Skip to content

When you choose to publish with PLOS, your research makes an impact. Make your work accessible to all, without restrictions, and accelerate scientific discovery with options like preprints and published peer review that make your work more Open.

PLOS BLOGS The Official PLOS Blog

Fossil Friday Roundup: November 25, 2016

Papers (All Open Access):

  • Systematics of the genus Palaeictops Matthew, 1899 (Mammalia, Leptictidae), with the description of two new species from the Middle Eocene of Utah and Wyoming. (American Museum Novitates)
  • Draft genome of the living fossil Ginkgo biloba (GigaScience)
  • New Plants from the Lower Devonian Pingyipu Group, Jiangyou County, Sichuan Province, China (PLOS ONE)
  • The Late Devonian placoderm Aspidichthys Newberry, 1873 from the Holy Cross Mountains, Poland (Fossil Record)
  • Novel structure in sciaenid fish skulls indicates continuous production of the cephalic neuromast cupula (Scientific Reports)
  • Latitudinal diversity gradients in Mesozoic non-marine turtles (RSOS)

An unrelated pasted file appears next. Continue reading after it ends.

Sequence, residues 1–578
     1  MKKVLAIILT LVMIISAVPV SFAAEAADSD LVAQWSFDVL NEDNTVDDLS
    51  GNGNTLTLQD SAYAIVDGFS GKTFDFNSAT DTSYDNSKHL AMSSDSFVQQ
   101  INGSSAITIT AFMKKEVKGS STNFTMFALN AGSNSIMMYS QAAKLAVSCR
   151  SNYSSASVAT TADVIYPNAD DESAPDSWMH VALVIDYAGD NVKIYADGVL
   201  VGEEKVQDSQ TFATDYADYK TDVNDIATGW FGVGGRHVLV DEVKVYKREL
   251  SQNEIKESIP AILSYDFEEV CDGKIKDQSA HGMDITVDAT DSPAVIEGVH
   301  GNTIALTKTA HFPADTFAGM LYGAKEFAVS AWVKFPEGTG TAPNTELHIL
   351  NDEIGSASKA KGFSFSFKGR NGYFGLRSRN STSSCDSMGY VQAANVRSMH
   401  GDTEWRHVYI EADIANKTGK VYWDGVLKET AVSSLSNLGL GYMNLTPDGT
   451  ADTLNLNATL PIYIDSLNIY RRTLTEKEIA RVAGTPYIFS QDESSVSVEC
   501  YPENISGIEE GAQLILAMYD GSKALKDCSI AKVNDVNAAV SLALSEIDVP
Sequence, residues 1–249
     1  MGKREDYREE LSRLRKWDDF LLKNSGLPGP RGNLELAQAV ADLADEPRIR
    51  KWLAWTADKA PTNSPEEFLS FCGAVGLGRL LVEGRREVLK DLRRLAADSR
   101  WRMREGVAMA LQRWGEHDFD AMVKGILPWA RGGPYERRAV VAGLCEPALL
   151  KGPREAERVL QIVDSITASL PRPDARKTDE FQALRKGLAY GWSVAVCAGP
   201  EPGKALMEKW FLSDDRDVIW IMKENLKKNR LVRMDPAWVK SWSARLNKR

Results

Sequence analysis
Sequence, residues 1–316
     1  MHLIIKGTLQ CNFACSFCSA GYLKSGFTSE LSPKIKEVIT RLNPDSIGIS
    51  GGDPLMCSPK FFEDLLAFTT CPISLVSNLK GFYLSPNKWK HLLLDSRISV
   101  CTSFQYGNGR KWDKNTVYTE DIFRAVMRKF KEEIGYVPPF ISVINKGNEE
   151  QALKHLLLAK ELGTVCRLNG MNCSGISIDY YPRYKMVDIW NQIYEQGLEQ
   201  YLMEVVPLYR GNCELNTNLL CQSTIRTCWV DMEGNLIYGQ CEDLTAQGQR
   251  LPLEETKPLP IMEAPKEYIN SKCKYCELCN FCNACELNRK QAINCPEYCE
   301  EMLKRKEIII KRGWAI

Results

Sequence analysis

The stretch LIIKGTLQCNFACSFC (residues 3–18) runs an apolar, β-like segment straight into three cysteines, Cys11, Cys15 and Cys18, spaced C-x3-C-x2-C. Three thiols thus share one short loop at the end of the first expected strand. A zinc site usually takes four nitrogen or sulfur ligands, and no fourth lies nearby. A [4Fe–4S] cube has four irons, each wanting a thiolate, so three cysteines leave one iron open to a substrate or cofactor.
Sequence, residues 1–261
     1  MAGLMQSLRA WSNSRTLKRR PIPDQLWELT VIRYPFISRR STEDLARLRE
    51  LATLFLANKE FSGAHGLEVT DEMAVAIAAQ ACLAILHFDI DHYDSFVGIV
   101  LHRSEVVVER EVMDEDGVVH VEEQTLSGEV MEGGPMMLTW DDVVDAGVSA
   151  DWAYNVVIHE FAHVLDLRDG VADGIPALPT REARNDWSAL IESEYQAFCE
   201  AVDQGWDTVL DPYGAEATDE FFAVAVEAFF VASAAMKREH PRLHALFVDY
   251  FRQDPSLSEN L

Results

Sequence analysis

• A revision of tetrapod footprints from the late Carboniferous of the West Midlands, UK (PeerJ)
  • New data towards the development of a comprehensive taphonomic framework for the Cleveland-Lloyd Dinosaur Quarry (PeerJ Preprints)
  • Seasonal Cyclicity in Trace Elements and Stable Isotopes of Modern Horse Enamel (PLOS ONE)
  • Inferring diet from dental morphology in terrestrial mammals (Methods in Ecology and Evolution)
  • Patterns in Palaeontology: From giants to dwarfs – Estimating the body mass of extinct species (Palaeontology Online)


  • County covers dino museum deficit (Link)
  • Paleontologist discovers mosasaur fossil in South Dakota (Link)
  • Find the Whale and the Bathroom With the Natural History Museum App (Link)
  • Unearthing a Giant Marine Reptile (Link)
  • A Surprising New Theory of How Dinosaurs Got So Huge (Link)

Society Events, Meetings, Announcements, and Updates:

Around the Blogosphere:

Do you have some news, a blog, or something just plain cool you want to share with the PLOS Paleo Community? Email it to us at, tweet it to us at @PLOSPaleo, or message us on Facebook.

Featured image: Lower jaw of Palaeictops. From Velazco and Novacek (2016).

Back to top